Ultrasound / Electrical Systems / Predictive Maintenance

Sonic gold: Ultrasound on the rise

Sheila Kennedy says ultrasound is finding a greater role in electrical inspections and as a complement to other tests.

By Sheila Kennedy

Ultrasonic inspection of mechanical and electrical equipment is gaining ground. This nondestructive testing (NDT) method has long proved effective in structure-borne applications such as finding faults in rotating equipment and in airborne applications such as detecting compressed air and gas leaks. Increasingly, ultrasonic testing (UT) is being employed in electrical inspections – to detect corona, tracking, and arcing – and as a complement to lubrication and vibration testing programs. UT training and service options are expanding accordingly.

Trending applications

Ultrasound is becoming prominent in a growing range of condition-based maintenance (CBM) applications. Ultrasound’s ability to detect increases in friction levels makes it a valuable leading indicator for online and permanent CBM for rotating equipment and increasingly a broad range of nontraditional applications, explains James Neale, director of the Energy Research Centre at University of Waikato, New Zealand.

“New software and hardware tools are now available to provide immediate feedback to CBM inspectors/technicians in the field, with real-time sound wave form and frequency spectra analysis crucial to detecting subtle changes in equipment condition,” says Neale. “This is particularly useful when dealing with low-energy applications such as slow-speed bearings, low-pressure valves, and low-pressure steam-trap assessments.”

UE Systems is seeing wider adoption of remote continuous monitoring using ultrasound for both mechanical and electrical applications.

Companies such as Nissan North America are incorporating remote-access sensors in their ultrasound programs and sharing the results with management to improve awareness of and support for their predictive maintenance efforts, according to UE Systems marketing director Maureen Gribble.

“This trend is being driven first by safety and the inaccessibility of equipment that needs to be monitored but can’t (be) through traditional data collection methods due to guarding,”she says. “It is also driven by the need for increased monitoring of the health of the asset and data integration into a facility’s CMMS/EAM program.”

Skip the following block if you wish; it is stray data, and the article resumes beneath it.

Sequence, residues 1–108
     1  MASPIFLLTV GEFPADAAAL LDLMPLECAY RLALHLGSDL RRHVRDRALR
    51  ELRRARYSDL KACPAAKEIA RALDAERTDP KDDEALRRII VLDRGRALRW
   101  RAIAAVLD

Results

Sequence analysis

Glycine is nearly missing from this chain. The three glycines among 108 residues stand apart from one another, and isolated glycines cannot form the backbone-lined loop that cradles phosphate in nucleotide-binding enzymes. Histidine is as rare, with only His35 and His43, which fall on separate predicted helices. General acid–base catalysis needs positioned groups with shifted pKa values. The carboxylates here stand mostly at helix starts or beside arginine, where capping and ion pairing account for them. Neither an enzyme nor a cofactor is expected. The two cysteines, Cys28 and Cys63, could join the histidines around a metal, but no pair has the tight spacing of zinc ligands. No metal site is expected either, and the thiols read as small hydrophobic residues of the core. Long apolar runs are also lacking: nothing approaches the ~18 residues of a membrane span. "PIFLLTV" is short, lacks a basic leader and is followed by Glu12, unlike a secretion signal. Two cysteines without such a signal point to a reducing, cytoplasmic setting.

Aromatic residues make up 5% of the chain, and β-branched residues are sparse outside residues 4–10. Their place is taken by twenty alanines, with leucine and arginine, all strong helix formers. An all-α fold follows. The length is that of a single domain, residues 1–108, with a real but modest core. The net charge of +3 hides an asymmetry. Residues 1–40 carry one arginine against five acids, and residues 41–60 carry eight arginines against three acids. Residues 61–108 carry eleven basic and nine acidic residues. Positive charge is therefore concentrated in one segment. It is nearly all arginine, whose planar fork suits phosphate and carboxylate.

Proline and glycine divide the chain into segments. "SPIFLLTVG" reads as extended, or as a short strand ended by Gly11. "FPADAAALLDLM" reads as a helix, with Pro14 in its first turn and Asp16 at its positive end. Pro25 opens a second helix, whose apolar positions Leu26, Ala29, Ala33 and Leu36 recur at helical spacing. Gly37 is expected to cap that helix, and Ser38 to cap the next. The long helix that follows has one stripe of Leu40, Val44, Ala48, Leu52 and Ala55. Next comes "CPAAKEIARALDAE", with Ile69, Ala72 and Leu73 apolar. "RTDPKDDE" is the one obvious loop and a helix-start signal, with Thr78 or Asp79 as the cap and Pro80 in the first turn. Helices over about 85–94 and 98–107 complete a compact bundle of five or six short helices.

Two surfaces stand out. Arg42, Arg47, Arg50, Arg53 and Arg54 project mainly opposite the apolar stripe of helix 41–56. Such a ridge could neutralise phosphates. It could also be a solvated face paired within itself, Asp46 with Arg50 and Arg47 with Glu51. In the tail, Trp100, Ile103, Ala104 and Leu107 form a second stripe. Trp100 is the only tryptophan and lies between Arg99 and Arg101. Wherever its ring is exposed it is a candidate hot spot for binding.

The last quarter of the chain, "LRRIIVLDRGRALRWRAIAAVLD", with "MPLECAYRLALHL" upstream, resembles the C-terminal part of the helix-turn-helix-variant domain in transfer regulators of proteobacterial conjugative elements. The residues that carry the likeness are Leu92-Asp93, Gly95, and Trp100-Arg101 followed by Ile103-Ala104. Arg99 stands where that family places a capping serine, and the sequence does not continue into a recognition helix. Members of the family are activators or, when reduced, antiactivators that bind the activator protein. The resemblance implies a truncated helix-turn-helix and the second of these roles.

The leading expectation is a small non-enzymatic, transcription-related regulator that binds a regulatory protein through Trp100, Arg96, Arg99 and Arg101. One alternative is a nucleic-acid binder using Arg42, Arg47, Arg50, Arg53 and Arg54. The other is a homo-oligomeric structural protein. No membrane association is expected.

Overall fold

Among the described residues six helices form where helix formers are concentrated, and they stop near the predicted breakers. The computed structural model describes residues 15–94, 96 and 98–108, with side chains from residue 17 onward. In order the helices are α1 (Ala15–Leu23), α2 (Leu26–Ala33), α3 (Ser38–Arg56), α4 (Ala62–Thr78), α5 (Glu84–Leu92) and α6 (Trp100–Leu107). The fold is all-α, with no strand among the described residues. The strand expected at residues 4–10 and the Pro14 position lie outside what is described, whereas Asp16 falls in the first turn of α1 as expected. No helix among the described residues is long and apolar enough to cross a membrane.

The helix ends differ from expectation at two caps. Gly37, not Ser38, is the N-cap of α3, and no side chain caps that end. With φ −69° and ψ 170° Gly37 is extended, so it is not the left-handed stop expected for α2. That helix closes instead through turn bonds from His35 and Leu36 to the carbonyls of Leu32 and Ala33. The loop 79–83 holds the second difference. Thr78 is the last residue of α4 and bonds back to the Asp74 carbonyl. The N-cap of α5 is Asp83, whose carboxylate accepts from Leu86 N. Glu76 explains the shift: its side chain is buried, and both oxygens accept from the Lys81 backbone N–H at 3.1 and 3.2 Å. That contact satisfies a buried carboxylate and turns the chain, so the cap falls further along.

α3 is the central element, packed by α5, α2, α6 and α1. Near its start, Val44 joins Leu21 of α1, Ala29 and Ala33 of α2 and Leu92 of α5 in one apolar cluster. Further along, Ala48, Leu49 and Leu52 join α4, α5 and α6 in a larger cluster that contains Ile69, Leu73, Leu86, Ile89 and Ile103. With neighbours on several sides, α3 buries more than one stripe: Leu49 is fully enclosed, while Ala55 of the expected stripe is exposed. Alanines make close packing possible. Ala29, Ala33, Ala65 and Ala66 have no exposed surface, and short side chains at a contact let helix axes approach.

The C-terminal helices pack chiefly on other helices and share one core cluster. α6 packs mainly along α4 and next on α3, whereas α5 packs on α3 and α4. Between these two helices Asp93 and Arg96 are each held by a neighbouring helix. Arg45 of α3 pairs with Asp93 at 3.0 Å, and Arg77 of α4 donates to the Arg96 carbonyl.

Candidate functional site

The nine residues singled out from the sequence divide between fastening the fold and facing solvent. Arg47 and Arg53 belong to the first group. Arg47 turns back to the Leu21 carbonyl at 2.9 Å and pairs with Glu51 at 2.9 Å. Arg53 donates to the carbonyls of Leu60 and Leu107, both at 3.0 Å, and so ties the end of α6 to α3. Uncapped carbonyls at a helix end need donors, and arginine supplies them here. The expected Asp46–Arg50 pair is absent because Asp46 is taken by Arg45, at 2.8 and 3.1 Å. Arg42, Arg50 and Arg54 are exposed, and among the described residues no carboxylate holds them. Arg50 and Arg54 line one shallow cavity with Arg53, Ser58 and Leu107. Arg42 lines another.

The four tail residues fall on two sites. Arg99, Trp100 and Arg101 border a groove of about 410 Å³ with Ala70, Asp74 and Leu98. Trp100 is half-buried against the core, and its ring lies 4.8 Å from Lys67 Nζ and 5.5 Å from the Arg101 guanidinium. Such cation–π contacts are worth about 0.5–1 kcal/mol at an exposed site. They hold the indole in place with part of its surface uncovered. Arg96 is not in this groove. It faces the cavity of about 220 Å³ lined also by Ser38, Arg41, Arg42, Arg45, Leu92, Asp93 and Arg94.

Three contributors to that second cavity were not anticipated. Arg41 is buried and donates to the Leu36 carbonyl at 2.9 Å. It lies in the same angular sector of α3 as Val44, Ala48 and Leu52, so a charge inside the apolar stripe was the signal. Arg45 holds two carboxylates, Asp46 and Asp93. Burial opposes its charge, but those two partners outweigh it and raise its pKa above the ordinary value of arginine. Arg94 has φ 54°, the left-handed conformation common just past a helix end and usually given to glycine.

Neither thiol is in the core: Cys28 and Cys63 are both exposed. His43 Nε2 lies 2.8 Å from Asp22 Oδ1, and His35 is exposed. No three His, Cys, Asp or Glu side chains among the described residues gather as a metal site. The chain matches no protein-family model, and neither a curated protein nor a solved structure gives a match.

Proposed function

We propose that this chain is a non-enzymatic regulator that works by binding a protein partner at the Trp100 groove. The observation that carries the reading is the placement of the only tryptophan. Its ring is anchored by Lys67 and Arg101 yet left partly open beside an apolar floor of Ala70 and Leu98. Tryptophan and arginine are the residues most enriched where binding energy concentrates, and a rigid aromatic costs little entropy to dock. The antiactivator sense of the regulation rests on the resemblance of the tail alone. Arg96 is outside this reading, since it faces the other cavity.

Tool innovations

Ultrasonic flaw detection and imaging systems are becoming increasingly sophisticated. The future of UT technology in the NDT space is a focus on expanded features and functions available in a single platform that delivers the most benefits and the shortest ROI at a value-oriented price point, suggests Keith Erk, a global manager at NDT Systems.

“Customers want to be able to perform multiple inspections with one device,” he says, adding that the company’s Raptor flaw detector offers “advanced shear wave, precision thickness gauging, and on-board capability to drive automated scanners that provide 3D C-scan images of CFRP aerospace components or hi-def corrosion maps on pipes and tanks.” 

The Mentor UT ultrasonic array flaw detector from GE Inspection Technologies is optimized for corrosion and erosion mapping of process vessels, tanks, and piping, according to GE Oil & Gas product manager Matt Skinner. Custom or preinstalled inspection applications that guide users through inspection procedures help improve productivity and minimize training costs.

Advanced, intuitive digital features such as guided calibration, wireless connectivity, and a fully customizable touch-screen interface “improve inspection accuracy and shorten training time for new inspectors,” Skinner says.

Skills development and supplementation

Wider use of ultrasound demands making it a training priority. “Advanced ultrasonic inspection has in many cases replaced inspections previously carried out with radiography; therefore, the demand for ultrasonic training has increased in recent years, and the need for highly skilled ultrasonic inspectors is ongoing in many industry sectors,” explains Marcus Jones, global manager of strategy and development at TWI Training and Examinations.

TWI offers online courses through its Virtual Academy as well as blended learning packages that combine online and classroom education. Blended packages geared toward certification include Ultrasonic Testing (UT) of Welds levels 1 and 2, Time-of-Flight Diffraction (TOFD), and Phased Array Ultrasonic Testing (PAUT). “The facility for students to learn course theory online, in their own time, and at their own pace will enhance their classroom experience,” says Jones.